R> .libPaths()
[1] "/apps/software/R/4.2.2-foss-2022a-bare/lib64/R/library"

Then this most likely means that the path specified in ${R_LIBS_USER} does not exist yet; In that case quit R, double check for typos and whether the folder was created correctly on the file system.

Install custom R packages

With your custom folder for R packages present on the file system and listed as the first item by the .libPaths function, you can now install packages. Below are examples of installing packages from different sources.

A. Install R package from the Comprehensive R Archive Network (CRAN) repository

Load and start R.

module load RPlus

Use the install.packages() function to install packages from CRAN.
E.g. to install a package named packageName:

R> install.packages('packageName')

B. Install R package from the BioConductor repository

Load and start R.

module load RPlus

BioConductor has its own R package to manage package installations. It is named BiocManager and can be installed from CRAN.
Install BiocManager in R if it is not already installed:

R> if (!require("BiocManager", quietly = TRUE))

Next, use BiocManager to install BioConductor packages. E.g.:

R> BiocManager::install(c('myFavoritePackage', 'packageAlsoNeeded'))

C. Install R package from an archive file without (CRAN) repository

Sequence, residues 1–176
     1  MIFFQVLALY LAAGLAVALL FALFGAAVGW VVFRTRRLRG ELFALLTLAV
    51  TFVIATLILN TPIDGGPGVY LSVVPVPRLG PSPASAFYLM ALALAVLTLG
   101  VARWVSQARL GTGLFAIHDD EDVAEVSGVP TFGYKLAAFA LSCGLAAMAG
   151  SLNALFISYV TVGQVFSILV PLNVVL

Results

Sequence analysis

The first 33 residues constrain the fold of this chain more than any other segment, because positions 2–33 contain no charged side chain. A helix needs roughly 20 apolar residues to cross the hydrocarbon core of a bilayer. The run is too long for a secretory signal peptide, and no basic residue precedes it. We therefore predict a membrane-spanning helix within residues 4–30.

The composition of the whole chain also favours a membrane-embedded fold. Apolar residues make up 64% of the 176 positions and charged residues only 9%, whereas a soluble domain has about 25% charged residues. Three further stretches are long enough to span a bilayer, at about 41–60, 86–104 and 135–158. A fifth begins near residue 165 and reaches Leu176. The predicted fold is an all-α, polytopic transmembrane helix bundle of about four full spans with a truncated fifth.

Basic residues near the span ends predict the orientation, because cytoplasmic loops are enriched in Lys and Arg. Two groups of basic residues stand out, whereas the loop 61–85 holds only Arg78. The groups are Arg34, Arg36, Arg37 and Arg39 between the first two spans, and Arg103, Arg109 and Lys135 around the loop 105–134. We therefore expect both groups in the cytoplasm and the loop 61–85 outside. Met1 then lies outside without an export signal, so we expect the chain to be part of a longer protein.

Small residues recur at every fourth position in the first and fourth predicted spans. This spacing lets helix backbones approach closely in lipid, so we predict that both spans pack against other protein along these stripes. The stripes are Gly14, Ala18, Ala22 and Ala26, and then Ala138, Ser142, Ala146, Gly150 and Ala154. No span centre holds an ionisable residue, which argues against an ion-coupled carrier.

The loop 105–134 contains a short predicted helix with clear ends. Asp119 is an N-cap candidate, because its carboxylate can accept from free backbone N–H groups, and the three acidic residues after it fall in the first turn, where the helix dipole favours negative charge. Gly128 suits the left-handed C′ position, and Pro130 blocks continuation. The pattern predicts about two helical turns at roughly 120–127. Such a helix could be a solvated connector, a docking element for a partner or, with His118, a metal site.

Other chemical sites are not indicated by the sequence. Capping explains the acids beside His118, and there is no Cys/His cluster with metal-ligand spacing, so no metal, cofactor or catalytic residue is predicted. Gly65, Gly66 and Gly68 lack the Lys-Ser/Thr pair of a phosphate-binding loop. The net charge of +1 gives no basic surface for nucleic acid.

If the (version of the) R package you need is not available from CRAN nor from BioConductor nor from another R repository, but you do have the source code of the package in a compressed archive file, then you can try to install that using the R CMD INSTALL command. Note that this is sub optimal; when the code you need is available from a curated repo like CRAN or BioConductor, use those repos instead. In this example, we use abctools version 1.1.4 (and it was downloaded from CRAN, but it could have been fetched from another repo/source).

Since we know the URL, the command wget can be used to download the *.tar.gz archive. You can also use for example rsync to copy the compressed archive to Talos if you have the file on your local machine.


Next, we need to load R (but do not start R yet)

module load RPlus

Run the command below to install the package from the compressed archive file.

R CMD INSTALL path/to/your/uploaded/abctools_1.1.4.tar.gz

D. Install R package from a GitHub repository

Load and start R.

module load RPlus

You can use the remotes::install_github command from the remotes package to install other packages from a GitHub repository. If not already present the remotes package must be installed from CRAN first. In the example below we will install the package methylCIPHER from a GitHub repo.

When no version is specified, the remotes::install_github command will install the latest commit from whatever the main branch is. WARNING: this may be unstable, unreleased, untested code. In order to install the latest released version use ref = github_release(). You can also specify a specific version number; see the documentation for remotes::install_github

R> install.packages('remotes')
R> library('remotes')
R> remotes::install_github('MorganLevineLab/methylCIPHER', ref = github_release())